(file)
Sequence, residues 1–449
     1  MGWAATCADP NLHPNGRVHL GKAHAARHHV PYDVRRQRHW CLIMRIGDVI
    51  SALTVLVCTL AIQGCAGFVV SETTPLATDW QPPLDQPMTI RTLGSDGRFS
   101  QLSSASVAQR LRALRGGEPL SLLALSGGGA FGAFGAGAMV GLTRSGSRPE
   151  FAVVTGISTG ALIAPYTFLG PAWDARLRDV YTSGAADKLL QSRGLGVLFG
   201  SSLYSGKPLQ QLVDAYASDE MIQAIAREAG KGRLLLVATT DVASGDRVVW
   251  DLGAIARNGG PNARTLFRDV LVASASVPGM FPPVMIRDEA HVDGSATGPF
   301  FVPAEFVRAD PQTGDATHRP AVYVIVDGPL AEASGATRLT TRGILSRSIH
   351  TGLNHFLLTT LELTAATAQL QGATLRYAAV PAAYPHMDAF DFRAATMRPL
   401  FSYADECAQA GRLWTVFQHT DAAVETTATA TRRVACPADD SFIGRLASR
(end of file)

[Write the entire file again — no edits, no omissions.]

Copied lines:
Sequence, residues 1–449
     1  MGWAATCADP NLHPNGRVHL GKAHAARHHV PYDVRRQRHW CLIMRIGDVI
    51  SALTVLVCTL AIQGCAGFVV SETTPLATDW QPPLDQPMTI RTLGSDGRFS
   101  QLSSASVAQR LRALRGGEPL SLLALSGGGA FGAFGAGAMV GLTRSGSRPE
   151  FAVVTGISTG ALIAPYTFLG PAWDARLRDV YTSGAADKLL QSRGLGVLFG
   201  SSLYSGKPLQ QLVDAYASDE MIQAIAREAG KGRLLLVATT DVASGDRVVW
   251  DLGAIARNGG PNARTLFRDV LVASASVPGM FPPVMIRDEA HVDGSATGPF
   301  FVPAEFVRAD PQTGDATHRP AVYVIVDGPL AEASGATRLT TRGILSRSIH
   351  TGLNHFLLTT LELTAATAQL QGATLRYAAV PAAYPHMDAF DFRAATMRPL
   401  FSYADECAQA GRLWTVFQHT DAAVETTATA TRRVACPADD SFIGRLASR